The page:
Google has had a terrific year thus far. The company has gained just over 16% YTD bringing its total P/E ratio to 25.42. That P/E is not quite as high as that of Facebook, but it is well above the market. You all likely know this company for their search, but there’s so much more out there. They have the Android OS, Chrome and the potential that is Chrome OS, the impending driverless cars, and Google Glass. If I was to argue anything, it would be that Google is going to be the largest tech company in the world, and it will probably be the longest lasting.

Google has some neat numbers to show off to investors that include a 21.5% profit margin, a 25.4% operating margin and a satisfying 16.6% return on average equity. They are able to pull such impressive numbers because they are penetrating your life in countless ways. Whether it is search, cellular, or something else, there’s a very decent chance that Google has a place in your household, and that will continue to grow as time goes on.

3D Printing

3D printing is unquestionably taking off. By decade's end, we could all have one in our living rooms printing out our meals and props for daily activities. If you have not seen anything on this yet, then I’d suggest you head over to YouTube to look it up. It is, for lack of a better word, INSANE!

3D Systems put themselves right in the heart of 3D printing by providing customers personal printers, professional printers and production printers. This company’s printers can be used for anything, and investors know that!

DDD is currently trading at a P/E of 67.38, and their net profit margin is at a solid 11%. When it comes to earnings, it is projected that DDD will see a drop through 2013, but a huge rebound will be brought back come the close of 2014. 2012 EPS was $1.16, and it is expected to grow to $1.29 by the close of 2014, that is not as large of a gain as some companies, but it is still a gain.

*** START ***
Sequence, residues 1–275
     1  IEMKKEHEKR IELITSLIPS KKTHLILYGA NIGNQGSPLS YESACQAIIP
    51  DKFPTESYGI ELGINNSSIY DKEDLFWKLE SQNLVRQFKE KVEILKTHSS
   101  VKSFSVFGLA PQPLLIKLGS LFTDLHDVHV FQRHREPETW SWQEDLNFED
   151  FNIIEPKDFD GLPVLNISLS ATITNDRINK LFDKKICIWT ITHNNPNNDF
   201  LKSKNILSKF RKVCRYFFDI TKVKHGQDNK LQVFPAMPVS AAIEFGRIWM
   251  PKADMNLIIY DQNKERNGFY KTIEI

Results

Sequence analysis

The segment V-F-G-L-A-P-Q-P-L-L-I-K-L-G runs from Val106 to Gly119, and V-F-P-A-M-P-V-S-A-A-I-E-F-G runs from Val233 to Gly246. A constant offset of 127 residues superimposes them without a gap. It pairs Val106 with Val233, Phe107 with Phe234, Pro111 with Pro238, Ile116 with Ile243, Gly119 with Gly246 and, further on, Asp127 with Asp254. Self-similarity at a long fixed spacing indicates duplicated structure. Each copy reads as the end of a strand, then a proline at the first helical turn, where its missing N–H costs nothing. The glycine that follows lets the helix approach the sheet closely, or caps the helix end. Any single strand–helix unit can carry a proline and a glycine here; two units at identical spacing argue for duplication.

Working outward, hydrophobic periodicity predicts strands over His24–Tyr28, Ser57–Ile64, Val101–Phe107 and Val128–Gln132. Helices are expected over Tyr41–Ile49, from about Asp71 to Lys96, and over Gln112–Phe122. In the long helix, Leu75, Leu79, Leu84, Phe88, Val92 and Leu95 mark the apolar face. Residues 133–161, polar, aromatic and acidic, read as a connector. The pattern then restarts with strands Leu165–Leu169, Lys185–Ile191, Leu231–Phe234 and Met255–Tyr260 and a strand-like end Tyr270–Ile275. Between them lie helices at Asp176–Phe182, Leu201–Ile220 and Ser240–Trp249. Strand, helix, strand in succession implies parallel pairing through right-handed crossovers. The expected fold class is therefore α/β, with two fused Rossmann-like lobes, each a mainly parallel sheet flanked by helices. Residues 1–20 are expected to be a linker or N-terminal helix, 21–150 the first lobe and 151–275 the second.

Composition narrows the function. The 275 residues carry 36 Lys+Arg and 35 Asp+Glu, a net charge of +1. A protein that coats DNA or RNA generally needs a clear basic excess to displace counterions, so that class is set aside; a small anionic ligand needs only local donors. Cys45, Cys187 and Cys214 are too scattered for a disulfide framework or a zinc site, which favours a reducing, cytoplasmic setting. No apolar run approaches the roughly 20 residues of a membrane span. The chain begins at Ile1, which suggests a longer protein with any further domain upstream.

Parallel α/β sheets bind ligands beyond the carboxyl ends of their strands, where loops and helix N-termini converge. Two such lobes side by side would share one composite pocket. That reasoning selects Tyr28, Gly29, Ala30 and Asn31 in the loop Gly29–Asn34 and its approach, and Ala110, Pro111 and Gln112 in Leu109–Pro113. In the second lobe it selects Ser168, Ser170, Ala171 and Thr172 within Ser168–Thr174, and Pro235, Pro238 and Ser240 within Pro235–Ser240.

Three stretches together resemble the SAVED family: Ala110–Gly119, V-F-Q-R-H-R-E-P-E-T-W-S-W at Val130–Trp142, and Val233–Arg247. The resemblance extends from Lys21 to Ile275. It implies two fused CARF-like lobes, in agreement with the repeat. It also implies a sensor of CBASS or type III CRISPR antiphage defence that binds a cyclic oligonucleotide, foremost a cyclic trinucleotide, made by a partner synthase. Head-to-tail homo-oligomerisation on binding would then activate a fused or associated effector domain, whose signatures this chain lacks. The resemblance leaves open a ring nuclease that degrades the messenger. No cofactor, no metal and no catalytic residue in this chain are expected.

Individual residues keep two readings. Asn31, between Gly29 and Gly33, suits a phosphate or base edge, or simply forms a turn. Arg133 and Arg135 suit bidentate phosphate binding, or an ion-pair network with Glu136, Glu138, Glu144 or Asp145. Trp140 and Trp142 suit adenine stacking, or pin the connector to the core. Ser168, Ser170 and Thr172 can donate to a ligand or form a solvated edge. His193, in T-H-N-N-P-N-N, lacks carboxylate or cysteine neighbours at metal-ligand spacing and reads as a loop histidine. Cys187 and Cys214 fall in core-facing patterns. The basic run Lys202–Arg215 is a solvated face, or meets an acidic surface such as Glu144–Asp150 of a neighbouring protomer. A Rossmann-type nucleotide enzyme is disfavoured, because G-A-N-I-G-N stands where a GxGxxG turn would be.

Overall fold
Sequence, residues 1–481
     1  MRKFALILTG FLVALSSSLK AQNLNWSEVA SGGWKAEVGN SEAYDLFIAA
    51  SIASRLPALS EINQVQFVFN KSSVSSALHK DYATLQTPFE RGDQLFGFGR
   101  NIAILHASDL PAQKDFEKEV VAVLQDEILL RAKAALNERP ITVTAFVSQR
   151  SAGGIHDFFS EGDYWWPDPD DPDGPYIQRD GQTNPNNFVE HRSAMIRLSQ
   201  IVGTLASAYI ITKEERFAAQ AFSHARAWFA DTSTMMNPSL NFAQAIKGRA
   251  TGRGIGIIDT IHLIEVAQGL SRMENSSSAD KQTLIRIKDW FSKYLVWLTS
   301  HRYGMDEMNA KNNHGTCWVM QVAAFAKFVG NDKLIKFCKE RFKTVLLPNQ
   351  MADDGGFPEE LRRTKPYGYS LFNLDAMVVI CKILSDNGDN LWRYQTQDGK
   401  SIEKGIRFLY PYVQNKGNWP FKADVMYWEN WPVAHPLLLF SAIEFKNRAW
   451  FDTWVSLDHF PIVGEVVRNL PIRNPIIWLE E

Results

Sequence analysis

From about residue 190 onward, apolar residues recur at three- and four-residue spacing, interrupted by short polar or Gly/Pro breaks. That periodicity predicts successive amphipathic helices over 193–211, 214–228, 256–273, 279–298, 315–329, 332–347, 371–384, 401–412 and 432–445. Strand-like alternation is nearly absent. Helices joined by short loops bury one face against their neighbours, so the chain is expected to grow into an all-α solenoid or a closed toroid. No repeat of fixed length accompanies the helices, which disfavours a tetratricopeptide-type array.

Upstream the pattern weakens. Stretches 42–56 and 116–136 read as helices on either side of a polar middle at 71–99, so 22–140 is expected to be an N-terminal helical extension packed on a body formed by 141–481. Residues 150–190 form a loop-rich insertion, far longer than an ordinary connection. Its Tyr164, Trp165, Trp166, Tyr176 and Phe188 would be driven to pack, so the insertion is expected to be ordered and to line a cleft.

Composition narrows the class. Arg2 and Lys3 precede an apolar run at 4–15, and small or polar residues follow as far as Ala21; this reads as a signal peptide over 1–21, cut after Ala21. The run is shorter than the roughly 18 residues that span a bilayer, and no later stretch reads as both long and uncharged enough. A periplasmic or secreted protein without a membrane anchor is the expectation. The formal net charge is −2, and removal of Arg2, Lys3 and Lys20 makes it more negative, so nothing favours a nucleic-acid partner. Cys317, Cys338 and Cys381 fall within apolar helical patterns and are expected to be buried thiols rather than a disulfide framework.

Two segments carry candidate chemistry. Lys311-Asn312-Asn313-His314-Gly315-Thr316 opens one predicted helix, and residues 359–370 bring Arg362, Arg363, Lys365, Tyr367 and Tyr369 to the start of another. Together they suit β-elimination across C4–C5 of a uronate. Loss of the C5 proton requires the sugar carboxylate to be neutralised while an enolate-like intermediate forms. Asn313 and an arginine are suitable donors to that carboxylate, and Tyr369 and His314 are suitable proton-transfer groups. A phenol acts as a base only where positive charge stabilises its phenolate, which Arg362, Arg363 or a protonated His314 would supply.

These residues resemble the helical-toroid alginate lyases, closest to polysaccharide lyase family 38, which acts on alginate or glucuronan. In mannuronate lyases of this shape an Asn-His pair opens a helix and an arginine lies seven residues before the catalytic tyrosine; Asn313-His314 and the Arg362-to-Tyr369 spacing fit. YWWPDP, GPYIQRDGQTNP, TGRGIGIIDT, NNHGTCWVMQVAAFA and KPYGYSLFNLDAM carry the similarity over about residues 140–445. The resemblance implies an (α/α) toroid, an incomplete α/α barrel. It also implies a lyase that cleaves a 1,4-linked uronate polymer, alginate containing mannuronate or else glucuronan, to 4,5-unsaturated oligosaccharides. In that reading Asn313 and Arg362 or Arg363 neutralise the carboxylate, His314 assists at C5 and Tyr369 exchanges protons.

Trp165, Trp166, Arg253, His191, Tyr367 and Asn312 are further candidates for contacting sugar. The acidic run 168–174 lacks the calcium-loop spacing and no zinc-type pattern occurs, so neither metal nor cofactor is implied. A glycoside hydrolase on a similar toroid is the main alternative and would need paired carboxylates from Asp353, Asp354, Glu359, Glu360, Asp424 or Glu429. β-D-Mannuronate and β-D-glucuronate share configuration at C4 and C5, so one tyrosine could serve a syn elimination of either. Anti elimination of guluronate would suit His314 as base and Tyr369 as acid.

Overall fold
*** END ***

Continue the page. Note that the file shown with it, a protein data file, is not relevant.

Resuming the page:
Bottom Line

These three companies are in the forefront of their respective technological fields. For me, the best bet out of the three on future performance many years from now is Google. Google has a brilliant business model, and they are starting down the path to some incredible diversification.

Facebook is a scary stock for me. I’m not sure that they can raise their profits enough to justify the price without alienating the user base. The selling of information in bulk and potentially a “pro” service are the only ways I can see them making enough from it.

3D will be big. Who is leading the pack when it becomes prominent is a bit of a tough problem. DDD is one of the market leaders now, and they have some terrific products. They could be a market leader in years to come, or they could be just another printer maker.


Ash Anderson has no position in any stocks mentioned. The Motley Fool recommends 3D Systems, Facebook, and Google. The Motley Fool owns shares of 3D Systems, Facebook, and Google and has the following options: Short Jan 2014 $36 Calls on 3D Systems and Short Jan 2014 $20 Puts on 3D Systems. Try any of our Foolish newsletter services free for 30 days. We Fools may not all hold the same opinions, but we all believe that considering a diverse range of insights makes us better investors. The Motley Fool has a disclosure policy. Is this post wrong? Click here. Think you can do better? Join us and write your own!